The tension in Syria between Sunni and Shia Muslims is also spilling over into the rest of the Arab world. Thus the fissures fostered by the Salafists, have been sharpened by the fighting in Syria, which has essentially deteriorated into a civil war. The condition is thus ripe for the Salafists to publicly spew hatred and incite fighting the Shia faith.
Change of government in Egypt was meant to bring much needed democracy and freedom to the country. Shia Muslims, as any other Egyptian, hoped the new government would keep its promises for freedom and democracy. It would become a place where Shia could peacefully practice their faith. However, now, more than before Shia Muslims are being arrested, suppressed, and advertised as Non-Muslim. As the result of anti- Shia movements in Egypt, many Shia-Muslims were arrested and detained for practicing their faith. Muhammad Asfour and Seyed Muhammd are among those arrested in an Ashura commemoration last year. The judge told Muhammad Asfour he had two options: to go to jail or to change his faith. In another incident, a Shia man was arrested for teaching Shia faith. His wife was divorced by court and forced to marry another man. The Egyptian government is violating many human rights articles by forcing Shias to change faith, interfering with Shias’ private lives, arresting and detaining them and also spreading hate messages in media and public.
Although the Egyptian Constitution, under Article 46, provides for freedom of belief and the practice of religious rites, Shia Muslims are a minority group that is not allowed to practice their faith in public or in private Islamic centers. Salafists and government backed clerics speared hate messages among the public to the point where most Egyptians now think Shia are not even Muslim even though they believe in the same God, Quran, practice Hadj, daily prayers and Ramadan fasting. Every day, more and more pictures, webinars and ads are posted on the internet in display of the flourishing anti-Shiism in Egypt.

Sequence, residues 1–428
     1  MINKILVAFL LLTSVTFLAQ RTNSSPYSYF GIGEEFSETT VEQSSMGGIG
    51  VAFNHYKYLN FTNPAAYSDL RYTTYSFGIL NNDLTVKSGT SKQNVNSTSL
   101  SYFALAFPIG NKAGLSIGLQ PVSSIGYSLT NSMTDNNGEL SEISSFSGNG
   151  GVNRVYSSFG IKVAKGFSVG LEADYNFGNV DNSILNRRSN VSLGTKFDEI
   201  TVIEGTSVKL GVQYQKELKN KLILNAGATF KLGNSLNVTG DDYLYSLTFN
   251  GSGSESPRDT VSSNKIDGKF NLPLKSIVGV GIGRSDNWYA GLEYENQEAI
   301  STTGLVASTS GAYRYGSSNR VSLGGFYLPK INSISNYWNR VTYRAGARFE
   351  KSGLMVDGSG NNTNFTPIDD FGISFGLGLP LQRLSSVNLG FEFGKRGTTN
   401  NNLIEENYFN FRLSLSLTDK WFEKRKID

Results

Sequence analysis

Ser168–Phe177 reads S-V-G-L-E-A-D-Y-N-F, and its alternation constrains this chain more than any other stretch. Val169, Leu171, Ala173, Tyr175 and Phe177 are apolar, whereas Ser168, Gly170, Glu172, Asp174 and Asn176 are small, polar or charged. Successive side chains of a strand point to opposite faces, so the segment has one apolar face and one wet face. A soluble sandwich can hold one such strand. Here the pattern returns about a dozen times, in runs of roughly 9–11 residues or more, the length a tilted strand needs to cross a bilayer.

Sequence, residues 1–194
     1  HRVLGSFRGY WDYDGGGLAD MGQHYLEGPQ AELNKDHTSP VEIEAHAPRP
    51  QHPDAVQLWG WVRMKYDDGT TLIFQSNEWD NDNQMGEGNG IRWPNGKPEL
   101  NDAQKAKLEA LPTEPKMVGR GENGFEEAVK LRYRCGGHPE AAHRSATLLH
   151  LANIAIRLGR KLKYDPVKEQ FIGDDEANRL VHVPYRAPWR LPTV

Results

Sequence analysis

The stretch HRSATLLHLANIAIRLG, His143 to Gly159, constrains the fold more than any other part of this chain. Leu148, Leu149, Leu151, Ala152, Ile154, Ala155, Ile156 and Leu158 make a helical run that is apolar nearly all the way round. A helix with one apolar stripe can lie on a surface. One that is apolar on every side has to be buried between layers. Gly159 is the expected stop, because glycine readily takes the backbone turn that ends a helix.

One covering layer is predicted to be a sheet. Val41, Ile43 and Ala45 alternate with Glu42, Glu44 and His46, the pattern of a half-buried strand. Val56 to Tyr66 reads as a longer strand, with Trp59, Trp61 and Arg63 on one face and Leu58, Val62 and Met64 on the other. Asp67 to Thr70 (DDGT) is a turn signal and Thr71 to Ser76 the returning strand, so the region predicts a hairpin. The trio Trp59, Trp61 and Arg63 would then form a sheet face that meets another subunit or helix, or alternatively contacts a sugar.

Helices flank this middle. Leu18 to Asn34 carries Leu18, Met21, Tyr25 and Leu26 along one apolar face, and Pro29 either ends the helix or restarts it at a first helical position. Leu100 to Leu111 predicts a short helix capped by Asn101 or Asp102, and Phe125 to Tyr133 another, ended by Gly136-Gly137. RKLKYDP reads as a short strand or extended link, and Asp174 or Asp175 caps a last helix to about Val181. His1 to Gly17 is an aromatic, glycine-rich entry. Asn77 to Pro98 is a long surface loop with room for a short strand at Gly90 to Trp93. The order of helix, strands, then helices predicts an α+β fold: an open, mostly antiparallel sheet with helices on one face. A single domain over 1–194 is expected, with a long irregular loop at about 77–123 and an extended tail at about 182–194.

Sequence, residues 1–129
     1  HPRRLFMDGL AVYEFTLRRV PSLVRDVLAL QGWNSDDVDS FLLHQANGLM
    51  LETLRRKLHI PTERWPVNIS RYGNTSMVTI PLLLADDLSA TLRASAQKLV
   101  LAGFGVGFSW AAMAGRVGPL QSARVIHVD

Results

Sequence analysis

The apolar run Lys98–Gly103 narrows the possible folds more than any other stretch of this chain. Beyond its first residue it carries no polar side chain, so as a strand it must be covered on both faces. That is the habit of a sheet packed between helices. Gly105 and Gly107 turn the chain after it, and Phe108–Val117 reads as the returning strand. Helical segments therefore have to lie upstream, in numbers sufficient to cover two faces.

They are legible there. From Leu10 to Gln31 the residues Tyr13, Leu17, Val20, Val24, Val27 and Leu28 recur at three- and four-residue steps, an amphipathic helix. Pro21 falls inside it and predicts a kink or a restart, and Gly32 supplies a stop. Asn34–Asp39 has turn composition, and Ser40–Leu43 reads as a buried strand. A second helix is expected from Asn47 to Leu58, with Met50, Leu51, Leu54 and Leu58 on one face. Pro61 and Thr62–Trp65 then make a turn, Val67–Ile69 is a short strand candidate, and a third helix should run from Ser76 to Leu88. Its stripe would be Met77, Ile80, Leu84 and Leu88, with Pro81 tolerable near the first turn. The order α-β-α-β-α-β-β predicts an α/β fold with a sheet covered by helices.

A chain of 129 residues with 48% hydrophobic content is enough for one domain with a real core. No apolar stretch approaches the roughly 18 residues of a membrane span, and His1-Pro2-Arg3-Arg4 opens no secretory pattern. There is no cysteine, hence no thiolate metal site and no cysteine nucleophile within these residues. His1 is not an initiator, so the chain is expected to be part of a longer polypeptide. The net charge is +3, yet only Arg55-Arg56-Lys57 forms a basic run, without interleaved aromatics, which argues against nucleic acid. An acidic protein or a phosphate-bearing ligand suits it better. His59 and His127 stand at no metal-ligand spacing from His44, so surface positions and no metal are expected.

Sheikh Muhmmad Hassa, a well-known Salafi cleric, states in his TV interview that Hussainyas, or Shia Islamic Centres are not welcome in Egypt. He insists Egypt should be cleansed from Shias. Salafist clerics clearly and openly forbid Shia practices in Egypt. A leading Salafist cleric recently pronounced that Shias are more dangerous than naked women. A recent study also shows that media in Egypt is playing a great role in creating a negative image of the Shias and could have an even more important role in correcting it. The study shows that the Egyptian population has certain negative view of the Shias which may have been cultivated, mainly through the media and, to a lower extent, through word of mouth and various publications as well. The problem lies in the core misunderstandings of the Egyptians about the Shias belief referring to the belief of a rare Shia sect, the Ghurabiyya, which may no longer exist, but their view is generalized to all Shias. They believe that Ali should have been the Prophet instead of Mohammad. The survey indicates that Egyptians’ general knowledge of the Shias’ belief is low and thus it is very easy to kick up a negative perception about the sect, notwithstanding the fact that Egyptians’ view Shia Iran’s President Ahmadinejad favourably and highly esteem him as one of the most unique leaders of the Islamic world. Similar views are held about Hassan Nasrullah, the Shia leader of Hezbullah in Lebanon based on his perceived victory in the war with Israel in July of 2007.
Muslim Brotherhood is sowing the seeds of its own destruction by succumbing to Salafist pressure and Saudi lure (backed by imperialist Western powers). It is about time that the Muslim Brotherhood realizes that it is playing with fire as it cannot own up Salafists agenda and beat them at it. The increasing Salafist influence in Egypt will be a death-warrant for the Muslim Brotherhood and its pan-Islamic ideology. Instead the Brotherhood should practice allegiance to the tenets of modern governance where no government, religion or organization can take away any other groups’ rights. The Egyptian government must protect and defend Coptic Christians’, Shia Muslims’, and all other minorities’ rights. The foundation of the new government should not be based on discrimination and hate, but on freedom and respect. Silence by the Morsi government is clear indication of complicity.
Opponents of President Mohammed Morsi said he was in part to blame for implicitly supporting his hard-line allies as they stir up incitement against Shiites in response to Syria’s civil war. A week earlier, Morsi appeared on stage with hard-line clerics denouncing Shiites as “filthy.” Critics warn that militant Islamists are acting with dangerous impunity.